Though my charter setup sounds extravagant, if a group of family and friends shares costs, the price compares favorably to a luxury resort. My trip came to about $450 per person per day, including food and drink and plenty of pampering. Call our boat a floating resort, with comfortable cabins, all the water toys you could want, from kayaks to snorkels to paddleboards; days full of scheduled activities; gourmet meals accented with appetizers at cocktail hour; music; TV; Wi-Fi; and easy access to a giant swimming pool called the Caribbean Sea. If the pace gets too fast, relax on the boat’s front “trampoline,” sit on a beanbag reading a book, or doze off, rocked to sleep on gentle Caribbean currents.

While the Moorings charter fleet suffered heavily during Hurricane Irma, with more than 70 percent of its BVI charter fleet sunk or damaged, the company has rebounded with new and repaired boats getting delivered with the speed of, well, a hurricane. With many of the BVI’s land-based resorts still in recovery mode, lodging at sea truly represents the best way to experience these waters now. Besides, at a land-based resort, you can’t go to sleep next to one island’s beautiful beach and wake up in front of a different one!

Another joy of sailing the BVIs: the sense of freedom as you embark on a voyage of discovery with the ability to change course or destination or timing at a moment’s notice — all within the relative safety of calm seas between the chain of islands that make up the BVI.

Below-deck coziness. PHOTO BY ROB KAMHOOT.
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Nature at Its Best

Beyond the bars and the boats, the spectacular natural setting — even after Irma’s impact — reigns as the BVI’s real attraction. The blue water with its stunning transparency makes you feel like you’re walking on the sea floor when still floating 20 feet above it. Return visitors will notice fewer trees and less greenery, but the lush landscape is growing back quickly.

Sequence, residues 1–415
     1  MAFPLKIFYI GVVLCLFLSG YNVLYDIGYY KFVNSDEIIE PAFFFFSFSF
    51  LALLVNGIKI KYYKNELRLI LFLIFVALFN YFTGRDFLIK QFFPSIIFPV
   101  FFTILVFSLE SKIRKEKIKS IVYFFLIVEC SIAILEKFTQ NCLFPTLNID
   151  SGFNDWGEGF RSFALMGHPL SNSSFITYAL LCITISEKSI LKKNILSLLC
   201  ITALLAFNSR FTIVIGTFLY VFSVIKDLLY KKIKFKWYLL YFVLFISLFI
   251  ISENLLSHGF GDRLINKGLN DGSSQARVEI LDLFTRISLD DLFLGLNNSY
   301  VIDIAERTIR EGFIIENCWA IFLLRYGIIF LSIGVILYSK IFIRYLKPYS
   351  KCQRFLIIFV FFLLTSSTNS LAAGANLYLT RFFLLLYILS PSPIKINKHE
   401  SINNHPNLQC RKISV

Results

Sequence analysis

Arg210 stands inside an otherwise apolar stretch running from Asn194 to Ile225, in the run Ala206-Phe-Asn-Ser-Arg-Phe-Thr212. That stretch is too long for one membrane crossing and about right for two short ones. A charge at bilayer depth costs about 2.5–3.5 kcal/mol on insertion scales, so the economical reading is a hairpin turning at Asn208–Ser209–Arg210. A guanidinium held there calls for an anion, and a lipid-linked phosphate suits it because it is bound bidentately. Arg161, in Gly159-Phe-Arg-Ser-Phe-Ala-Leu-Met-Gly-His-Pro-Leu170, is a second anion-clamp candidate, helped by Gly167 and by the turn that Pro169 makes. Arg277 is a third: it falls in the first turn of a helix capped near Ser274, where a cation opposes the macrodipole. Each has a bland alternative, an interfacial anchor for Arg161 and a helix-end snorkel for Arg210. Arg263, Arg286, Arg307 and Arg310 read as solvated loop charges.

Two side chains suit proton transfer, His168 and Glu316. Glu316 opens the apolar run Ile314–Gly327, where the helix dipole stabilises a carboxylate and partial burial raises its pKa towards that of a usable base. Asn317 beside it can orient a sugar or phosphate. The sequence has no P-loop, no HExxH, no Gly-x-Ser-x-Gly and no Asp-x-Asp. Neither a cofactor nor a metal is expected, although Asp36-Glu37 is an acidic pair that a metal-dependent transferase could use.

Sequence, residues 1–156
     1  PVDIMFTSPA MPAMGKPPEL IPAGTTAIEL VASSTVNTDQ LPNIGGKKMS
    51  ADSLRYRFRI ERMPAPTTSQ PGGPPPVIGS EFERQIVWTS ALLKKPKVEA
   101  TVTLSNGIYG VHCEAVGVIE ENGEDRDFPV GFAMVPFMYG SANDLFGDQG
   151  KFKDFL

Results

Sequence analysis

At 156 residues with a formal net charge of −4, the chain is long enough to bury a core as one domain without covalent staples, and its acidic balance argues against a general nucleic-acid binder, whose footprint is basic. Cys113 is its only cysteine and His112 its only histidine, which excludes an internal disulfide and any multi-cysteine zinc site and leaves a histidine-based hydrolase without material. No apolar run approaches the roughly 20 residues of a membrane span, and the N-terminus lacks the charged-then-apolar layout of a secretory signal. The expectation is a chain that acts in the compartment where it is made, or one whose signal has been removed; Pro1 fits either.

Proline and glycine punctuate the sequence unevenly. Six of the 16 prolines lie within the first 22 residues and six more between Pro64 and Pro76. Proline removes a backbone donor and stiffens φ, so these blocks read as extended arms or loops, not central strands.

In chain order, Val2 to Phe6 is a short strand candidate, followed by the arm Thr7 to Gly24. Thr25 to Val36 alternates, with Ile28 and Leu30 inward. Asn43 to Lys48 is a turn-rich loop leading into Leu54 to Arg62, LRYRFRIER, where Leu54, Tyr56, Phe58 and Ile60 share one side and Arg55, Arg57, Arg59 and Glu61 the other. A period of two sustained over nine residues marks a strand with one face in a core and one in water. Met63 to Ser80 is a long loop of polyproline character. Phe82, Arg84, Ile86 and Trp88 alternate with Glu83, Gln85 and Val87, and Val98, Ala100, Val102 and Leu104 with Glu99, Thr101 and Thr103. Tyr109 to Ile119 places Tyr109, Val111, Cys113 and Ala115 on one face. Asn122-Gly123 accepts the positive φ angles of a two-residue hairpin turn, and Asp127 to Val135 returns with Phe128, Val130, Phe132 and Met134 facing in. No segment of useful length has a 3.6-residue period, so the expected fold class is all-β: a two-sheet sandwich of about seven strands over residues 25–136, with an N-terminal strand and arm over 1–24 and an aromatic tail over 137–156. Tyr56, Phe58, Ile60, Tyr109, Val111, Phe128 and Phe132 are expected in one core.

For our trip, we arrive with a loose itinerary that hits all the major spots of the islands, tailored with the insider knowledge of our Moorings captain, who has been sailing these waters for almost a decade. As the weather varies or our moods change, so does our course. In a sheltered bay off Norman Island, we snorkel the waters around “the Indians” rock chain, with blue parrotfish and yellow angels ignoring us with a certain deep-sea stoicism. Divers aboard sign on for a scuba expedition to see the famed Rhone shipwreck and a host of larger fish life.

Swimming to shore on Virgin Gorda, we explore the unique Baths rock formations, 100-ton granite boulders that shrugged off the effects of the hurricane like a light breeze. We take a quiet break to appreciate the majesty of the Baths’ water-filled “cathedral” cave formation.

We beachcomb long expanses of white sands on low-lying Anegada Island, cooling under palm trees with fruity drinks. To finish the day, we join in a huge beachside lobster feast, a culinary highlight well worth a sail to this outermost island.

Our week continues with kayaking to empty beaches, hiking to hilly inlands, paddleboarding around glassy-smooth bays, and plenty of ad hoc snorkeling explorations. But among all this activity, it’s tough to top the simple pleasure of sitting aboard the yacht with friends each evening, drinks in hand, watching phenomenal Caribbean sunsets and choosing where our next adventure will take us.

Details: In destinations around the world, the Moorings offers a wide variety of sailboats and powerboats for charter, either crewed or bareboat for experienced sailors interested in doing it on their own. Our BVI trip sailed on a six-cabin Moorings 5800 Legacy catamaran. The six-night, seven-day, all-inclusive crewed trip for 10 ranges in price from $25,000 to $35,000, depending on season and availability. 800-334-2435; moorings.com